Sir Simon de Canterville has been playing to an empty house for twenty years when American billionaire inventor Hiram Otis buys Canterville Chase in England, taking contents and ghost at valuation. Relishing the opportunity to be back treading the boards, he painstakingly plans a ‘Spectrecular' performance as Reckless Rupert the headless Earl, aided by his reluctant side-kick, Cesspitt the rat. But his opening night fails miserably and the ghost is forced to retreat from the twins' tripwire stunt. Sir Simon tries a different tack in the form of Jonas the Graveless but the ghost is further humiliated by the Otis family's welcoming reception and his inability to terrorize them. Meanwhile, Frank and Theo go exploring and stumble upon their alter egos, Patience and Charity Lovell. After initial hostilities, two pairs become a gang of four. Double double trouble. Especially for Sir Simon. The Otis's discover Sir Simon killed his wife and as punishment was walled up alive in a priest hole by her vengeful brothers. Sir Simon's bones have never been found but legend says he was interred with a casket of priceless jewels. The twins join forces and embark on a quest to find the lost treasure of the Cantervilles. And if the Otis's aren't fazed by a ghost they aren't going to fazed by the English. It's the annual Point to Point. So when Virginia is informed by Cecil that top race ‘The Canterville Chase' is open only to male riders it can't go unchallenged. After an initial set-back from Lady Deborah's scheming, Virginia uses her legal prowess to find a loophole in the rulebook. Riding her horse bareback, the race ends in a nail biting finale with Virginia and Cecil neck and neck. He may have won the trophy, but Virginia wins the hearts of the crowd. Despite initially regarding him to be a sexist jerk, Virginia is undeniably attracted to Cecil. However, he is engaged to be married to Moppy. And while Hiram mends a historic family feud with Django Lovell, they find a bitter enemy in Lady Deborah.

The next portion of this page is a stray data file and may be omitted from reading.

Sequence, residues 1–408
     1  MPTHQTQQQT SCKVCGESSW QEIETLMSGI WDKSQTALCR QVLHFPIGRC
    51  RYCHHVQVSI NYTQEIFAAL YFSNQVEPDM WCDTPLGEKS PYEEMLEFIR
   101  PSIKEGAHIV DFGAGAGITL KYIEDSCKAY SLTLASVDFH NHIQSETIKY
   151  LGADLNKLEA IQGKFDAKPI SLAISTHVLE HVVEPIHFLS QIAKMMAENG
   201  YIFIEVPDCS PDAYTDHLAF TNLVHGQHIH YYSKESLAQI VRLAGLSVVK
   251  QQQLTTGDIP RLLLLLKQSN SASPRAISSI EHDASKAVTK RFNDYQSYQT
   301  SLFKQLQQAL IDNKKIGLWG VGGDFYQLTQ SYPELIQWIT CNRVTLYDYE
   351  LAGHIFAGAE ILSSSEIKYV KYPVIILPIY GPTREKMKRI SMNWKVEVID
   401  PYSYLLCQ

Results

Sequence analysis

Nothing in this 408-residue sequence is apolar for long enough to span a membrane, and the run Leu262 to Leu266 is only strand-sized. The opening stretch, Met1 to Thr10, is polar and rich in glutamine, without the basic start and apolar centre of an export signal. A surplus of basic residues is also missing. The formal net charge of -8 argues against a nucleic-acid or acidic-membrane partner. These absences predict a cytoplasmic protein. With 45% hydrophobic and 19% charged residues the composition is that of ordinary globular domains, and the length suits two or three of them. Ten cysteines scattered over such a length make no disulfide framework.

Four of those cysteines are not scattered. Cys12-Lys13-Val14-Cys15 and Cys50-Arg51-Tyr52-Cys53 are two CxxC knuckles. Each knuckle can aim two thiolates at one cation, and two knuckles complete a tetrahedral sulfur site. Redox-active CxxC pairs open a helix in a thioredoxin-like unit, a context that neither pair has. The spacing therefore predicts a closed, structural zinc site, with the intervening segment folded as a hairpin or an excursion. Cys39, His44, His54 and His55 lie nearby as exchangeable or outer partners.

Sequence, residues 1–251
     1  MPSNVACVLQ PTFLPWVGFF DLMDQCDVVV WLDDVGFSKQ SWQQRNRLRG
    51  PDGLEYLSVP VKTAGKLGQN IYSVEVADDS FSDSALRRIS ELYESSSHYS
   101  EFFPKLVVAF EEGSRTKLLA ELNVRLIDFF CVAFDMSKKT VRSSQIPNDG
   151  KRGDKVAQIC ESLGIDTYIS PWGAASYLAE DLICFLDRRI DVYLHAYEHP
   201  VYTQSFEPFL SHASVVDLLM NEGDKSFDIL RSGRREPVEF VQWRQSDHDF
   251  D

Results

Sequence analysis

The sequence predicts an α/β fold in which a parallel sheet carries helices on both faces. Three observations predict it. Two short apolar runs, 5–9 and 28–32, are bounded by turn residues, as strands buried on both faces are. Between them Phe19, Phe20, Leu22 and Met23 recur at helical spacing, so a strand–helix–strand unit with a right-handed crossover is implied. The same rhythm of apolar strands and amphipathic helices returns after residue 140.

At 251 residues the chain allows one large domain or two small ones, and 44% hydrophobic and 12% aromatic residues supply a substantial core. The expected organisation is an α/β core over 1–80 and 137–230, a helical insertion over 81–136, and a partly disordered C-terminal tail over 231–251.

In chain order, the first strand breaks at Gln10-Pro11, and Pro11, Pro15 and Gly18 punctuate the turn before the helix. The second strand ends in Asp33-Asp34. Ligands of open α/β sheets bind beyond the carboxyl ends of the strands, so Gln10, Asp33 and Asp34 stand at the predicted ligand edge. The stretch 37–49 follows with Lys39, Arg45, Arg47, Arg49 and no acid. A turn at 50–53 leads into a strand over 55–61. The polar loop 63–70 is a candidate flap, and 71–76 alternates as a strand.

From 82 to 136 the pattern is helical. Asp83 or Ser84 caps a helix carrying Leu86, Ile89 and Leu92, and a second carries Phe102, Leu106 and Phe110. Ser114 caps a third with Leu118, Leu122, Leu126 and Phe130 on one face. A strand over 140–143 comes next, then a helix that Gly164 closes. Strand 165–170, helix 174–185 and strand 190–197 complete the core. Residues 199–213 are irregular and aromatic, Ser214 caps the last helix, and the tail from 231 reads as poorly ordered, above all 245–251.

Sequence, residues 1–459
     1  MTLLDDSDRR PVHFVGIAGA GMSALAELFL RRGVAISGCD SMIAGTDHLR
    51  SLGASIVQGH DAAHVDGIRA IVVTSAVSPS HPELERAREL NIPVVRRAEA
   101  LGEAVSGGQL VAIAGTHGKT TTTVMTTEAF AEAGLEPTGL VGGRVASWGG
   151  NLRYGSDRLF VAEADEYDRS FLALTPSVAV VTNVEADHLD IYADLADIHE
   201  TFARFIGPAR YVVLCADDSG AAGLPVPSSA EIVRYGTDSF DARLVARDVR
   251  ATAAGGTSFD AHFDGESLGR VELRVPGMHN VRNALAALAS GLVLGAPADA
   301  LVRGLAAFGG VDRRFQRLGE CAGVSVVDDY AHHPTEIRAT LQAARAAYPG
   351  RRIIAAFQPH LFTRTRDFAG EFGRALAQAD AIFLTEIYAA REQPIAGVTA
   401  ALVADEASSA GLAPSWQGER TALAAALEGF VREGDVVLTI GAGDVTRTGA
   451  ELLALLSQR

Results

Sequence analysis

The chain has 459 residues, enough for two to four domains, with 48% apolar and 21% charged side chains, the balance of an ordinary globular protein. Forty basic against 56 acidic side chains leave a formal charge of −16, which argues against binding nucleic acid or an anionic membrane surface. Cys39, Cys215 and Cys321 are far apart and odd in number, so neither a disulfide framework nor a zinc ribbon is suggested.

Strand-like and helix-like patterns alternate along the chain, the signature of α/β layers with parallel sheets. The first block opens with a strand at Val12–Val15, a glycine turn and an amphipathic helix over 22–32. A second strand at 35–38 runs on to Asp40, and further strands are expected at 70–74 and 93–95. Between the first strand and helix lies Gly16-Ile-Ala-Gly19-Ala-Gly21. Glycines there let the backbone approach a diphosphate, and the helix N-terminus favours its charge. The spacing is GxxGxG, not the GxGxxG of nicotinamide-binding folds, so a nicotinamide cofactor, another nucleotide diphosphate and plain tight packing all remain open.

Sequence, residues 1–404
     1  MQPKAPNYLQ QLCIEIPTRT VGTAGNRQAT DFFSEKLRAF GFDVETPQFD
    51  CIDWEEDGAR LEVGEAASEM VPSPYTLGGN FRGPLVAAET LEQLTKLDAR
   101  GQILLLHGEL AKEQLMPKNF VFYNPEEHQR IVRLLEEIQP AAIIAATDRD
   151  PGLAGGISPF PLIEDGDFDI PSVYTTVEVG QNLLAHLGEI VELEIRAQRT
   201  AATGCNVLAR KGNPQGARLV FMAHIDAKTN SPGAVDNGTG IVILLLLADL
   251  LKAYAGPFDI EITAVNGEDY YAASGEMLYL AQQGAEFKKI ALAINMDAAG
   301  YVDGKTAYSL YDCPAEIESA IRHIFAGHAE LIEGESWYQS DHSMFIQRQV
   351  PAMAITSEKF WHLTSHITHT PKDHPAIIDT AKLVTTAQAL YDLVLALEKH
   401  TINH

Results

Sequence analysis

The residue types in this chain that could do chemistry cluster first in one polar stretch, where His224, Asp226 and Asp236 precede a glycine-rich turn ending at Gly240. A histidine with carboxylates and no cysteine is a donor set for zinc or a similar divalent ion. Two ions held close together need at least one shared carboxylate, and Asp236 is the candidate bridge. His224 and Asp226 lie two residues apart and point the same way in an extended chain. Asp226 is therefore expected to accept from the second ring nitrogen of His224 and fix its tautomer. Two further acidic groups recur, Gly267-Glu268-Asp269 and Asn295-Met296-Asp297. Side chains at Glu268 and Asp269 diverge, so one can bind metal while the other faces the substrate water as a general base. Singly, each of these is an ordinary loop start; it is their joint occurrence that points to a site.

Sir Simon steps up his efforts to terrorize the Americans but the vulgar Colonials still refuse to be frightened. On the contrary, they leave him with a care package that includes oil for his chains and a guide to trauma and recovery. Disgraced and seeking vengeance, the ghost invokes the curse of Chanticleer, the cursed cockerel. Legend says that if he crows twice during the midnight hour a member of the household will die. Meanwhile, the twins meet the Lovell's matriarch, Masilda, who discloses details about the Sir Simon's past. They conspire to hunt down the ghost, reasoning that he will lead them to the treasure. On his subsequent haunt, Sir Simon is ambushed by the twins, bearing UV paintballs. He disappears, leaving an ultraviolet glow in his path. They reach the last trace of paint where the ghost dispersed and resolve to find what lies beneath that floor. But they will first need to get hold of the original builders' plans. Virginia is advertently drawn to Lady Deborah's grandson, Cecil, when she undertakes a genealogy project at their home. During her research, she discovers Lady Eleanor died in childbirth in 1576, the year after Sir Simon was supposed to have killed her. When she later comes across the ghost looking wretched after the paintball attack, Virginia takes pity on him. Sir Simon shows her the prophesy which curses him to haunt the house until it is fulfilled – "When a golden girl can win prayer from the lips of sin. When the barren almond bears. Then shall the house be still. And Peace come to Canterville."
Virginia must summon all her courage to defend Sir Simon in the court of the dead. Meanwhile the twins search for buried treasure, but things go terribly wrong. If there's to be hope for the haunted, the Otises much come closer together than they ever have before—closer than they think they can. Past and present collide in this stirring conclusion to the miniseries.